You may remember that, at the end of June, I mentioned that Deb Aoki, editor and writer of manga.about.com, had spearheaded a program to make the point that women and girls not only read and buy, but also make comics, after a particularly bad media backlash about female fans of the Twilight series “invading” San Diego Comic-Con.
There are two entirely different issues being addressed by people writing articles on both sides of this discussion. Most of the women seem to be saying that, Twilight and the fans are not the issue – the issue is the serial dismissal that female comics fans have always gotten from the male fans. Partly because of social and emotional retardation and partly because men simply dis women so unconsciously that when women point it out, we’re being over-sensitive. Male writers seem to be saying that they aren’t dissing “women” in general, just the not “real” fans, the Janie-come-latelys, who they perceive as being only into one thing – obsessed with the mainstream media and not the “real” media (i.e., books or comics.)
I’m not sure either side is really listening to or cares about the other. I’m with Deb – let’s stop the discussion and make the point. Twilight is not the issue. Women who are fans of comic books are “real” fans. They always have been. There are already women in the comics industry, the comics press, the movie industry and, in case you haven’t noticed, in the audience for Iron Man as well as Twilight. I do not care at ALL what you say, no one is ever going to convince me that Robert Downey Jr. is considered to be a hunk. It’s not his abs that convinced people to watch that movie. It was his armor. It was the chance to see Tony Stark, THE Tony Stark, come to life.
Seriously, do you think I was born a manga fan? I have a tremendous collection of early Marvel – because I am older than most of you and was collecting Avengers when those comics were coming out. lol I’m a Marvel girl, the wife collected DC and between us, we have a collection that would make any “real” comics fan cry with envy.
Because we *are* “real” comics fans. As are many women.
So, Deb decided to find a creative, fun and rewarding way to make that statement. She created the “Women Make Comics” project. Which has now launched on Cafepress. To the credit of all the folks involved, there are t-shirts in many colors and sizes, including, I am happy to note, sizes for women which are actually for women.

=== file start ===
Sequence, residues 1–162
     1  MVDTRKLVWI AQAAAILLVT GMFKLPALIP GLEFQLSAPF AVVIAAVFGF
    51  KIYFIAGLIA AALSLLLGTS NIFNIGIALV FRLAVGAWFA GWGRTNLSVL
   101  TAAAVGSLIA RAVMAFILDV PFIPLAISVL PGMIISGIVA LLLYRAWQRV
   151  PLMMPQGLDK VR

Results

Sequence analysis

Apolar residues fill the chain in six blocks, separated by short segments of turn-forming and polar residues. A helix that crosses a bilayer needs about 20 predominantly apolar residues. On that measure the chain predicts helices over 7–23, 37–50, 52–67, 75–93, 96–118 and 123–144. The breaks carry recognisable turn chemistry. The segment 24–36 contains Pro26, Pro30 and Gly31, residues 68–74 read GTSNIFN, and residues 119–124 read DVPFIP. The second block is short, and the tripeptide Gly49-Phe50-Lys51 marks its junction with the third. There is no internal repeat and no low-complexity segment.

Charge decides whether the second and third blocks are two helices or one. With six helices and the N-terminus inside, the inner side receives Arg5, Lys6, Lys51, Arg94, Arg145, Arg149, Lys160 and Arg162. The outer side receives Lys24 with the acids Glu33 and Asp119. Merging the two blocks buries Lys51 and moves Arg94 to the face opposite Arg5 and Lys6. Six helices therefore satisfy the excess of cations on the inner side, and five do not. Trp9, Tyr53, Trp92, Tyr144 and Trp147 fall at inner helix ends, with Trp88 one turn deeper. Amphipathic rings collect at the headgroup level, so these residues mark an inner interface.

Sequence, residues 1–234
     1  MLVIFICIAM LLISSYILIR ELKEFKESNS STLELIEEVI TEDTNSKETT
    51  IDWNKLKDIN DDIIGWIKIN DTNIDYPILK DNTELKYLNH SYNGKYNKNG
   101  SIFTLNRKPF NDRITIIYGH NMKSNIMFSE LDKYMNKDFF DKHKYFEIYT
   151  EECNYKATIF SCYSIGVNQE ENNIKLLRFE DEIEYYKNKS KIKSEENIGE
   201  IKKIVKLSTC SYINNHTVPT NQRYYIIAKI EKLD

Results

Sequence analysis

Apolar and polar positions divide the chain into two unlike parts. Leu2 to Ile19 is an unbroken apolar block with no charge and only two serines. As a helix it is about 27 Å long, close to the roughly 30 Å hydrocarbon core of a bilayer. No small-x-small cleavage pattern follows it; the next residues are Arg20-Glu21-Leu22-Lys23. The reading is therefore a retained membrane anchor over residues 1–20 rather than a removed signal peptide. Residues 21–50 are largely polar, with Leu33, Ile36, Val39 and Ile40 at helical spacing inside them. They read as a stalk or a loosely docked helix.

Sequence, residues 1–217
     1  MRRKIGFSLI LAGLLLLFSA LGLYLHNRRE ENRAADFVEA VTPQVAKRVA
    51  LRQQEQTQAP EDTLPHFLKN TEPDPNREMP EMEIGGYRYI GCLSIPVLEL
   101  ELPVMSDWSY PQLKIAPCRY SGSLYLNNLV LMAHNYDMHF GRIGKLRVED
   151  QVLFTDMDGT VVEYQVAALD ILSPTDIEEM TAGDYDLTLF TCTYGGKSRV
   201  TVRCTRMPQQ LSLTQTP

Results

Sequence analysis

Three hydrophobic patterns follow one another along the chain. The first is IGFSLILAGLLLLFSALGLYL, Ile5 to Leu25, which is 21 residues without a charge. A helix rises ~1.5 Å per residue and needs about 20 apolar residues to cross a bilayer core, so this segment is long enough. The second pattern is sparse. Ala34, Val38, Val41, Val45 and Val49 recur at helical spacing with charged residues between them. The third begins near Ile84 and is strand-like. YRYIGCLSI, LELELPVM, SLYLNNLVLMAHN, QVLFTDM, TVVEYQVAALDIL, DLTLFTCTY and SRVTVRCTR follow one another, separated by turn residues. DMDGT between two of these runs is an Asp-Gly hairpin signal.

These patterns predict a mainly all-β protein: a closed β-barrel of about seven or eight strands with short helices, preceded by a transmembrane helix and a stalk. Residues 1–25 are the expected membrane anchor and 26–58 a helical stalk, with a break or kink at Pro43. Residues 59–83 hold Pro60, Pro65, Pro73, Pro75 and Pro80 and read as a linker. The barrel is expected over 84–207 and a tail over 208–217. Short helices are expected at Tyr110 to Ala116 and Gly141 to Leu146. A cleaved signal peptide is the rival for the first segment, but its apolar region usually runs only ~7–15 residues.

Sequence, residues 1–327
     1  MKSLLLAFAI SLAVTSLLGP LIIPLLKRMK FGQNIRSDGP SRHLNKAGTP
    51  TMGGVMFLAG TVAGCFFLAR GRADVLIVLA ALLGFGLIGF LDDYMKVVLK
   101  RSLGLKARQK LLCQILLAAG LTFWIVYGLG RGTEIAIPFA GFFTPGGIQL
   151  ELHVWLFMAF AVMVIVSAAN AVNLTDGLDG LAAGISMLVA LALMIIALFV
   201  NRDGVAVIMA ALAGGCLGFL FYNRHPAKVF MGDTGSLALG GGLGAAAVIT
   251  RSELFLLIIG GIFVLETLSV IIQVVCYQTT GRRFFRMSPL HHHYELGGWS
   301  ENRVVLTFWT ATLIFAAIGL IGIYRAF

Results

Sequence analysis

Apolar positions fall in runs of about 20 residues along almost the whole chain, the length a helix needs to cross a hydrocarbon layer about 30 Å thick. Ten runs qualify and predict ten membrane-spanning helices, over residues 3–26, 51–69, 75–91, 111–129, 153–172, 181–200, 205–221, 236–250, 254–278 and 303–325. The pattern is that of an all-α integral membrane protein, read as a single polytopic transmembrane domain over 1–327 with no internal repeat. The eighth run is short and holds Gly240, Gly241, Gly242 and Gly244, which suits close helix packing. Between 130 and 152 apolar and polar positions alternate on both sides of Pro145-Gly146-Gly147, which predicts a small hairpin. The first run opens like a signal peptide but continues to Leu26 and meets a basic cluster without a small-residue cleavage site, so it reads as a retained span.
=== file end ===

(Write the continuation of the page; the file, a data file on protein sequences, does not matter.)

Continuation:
Proceeds from sales will go to charities such as Friends of Lulu, the Comic Book Legal Defense Fund, the Museum of Comic and Cartoon Art. Because all of those support women in comics and you don’t catch folks at MoCCA bitching about being “invaded” by females. (Or media coverage assuming that women “only” go to MoCCA for some other reason than comics.)
This will not solve the problem. At the very heart of it, there *problem* is that there are just some people who will dis anything women are into precisely because those things appeal to women. I get this all the time, when guys write me telling me – arguing, insisting – that Yuri is not for women and I should butt the hell out. Yes, seriously. Still. Not everyone. Not every guy. But some will, yes.
We need to recognize that there are going to be some genres out there that are not for us – that are not something we like. But that does not mean they are any less valid. OL comics are not for me – but the art is not deficient just because I find the content repulsive. Nor are “girl’s” comics any less sophisticated than “boy’s”. I’ll put Yazawa Ai (who I do not like) up against Alex Robinson (who I also do not like) any day. Hands down, Yazawa wins as the better technical artist. So, which is more of a valid art form? Neither. Both are art.
Look around pictures of SDCC, of Otakon, of Nascar for pity’s sake. Look at the wonderful, diverse mix of people. Ages, genders, ethnicity.
The real point here is that women and comics are already established law. There is no conversation to be had about what, if any, our place is in the field. We’re here, we’ve been here, we will be here.
Let’s take a deep breath, wear our Women Make Comics t-shirts proudly, and know that with every step forward that we take, we’re still trailblazing through this wilderness of fandom. :-)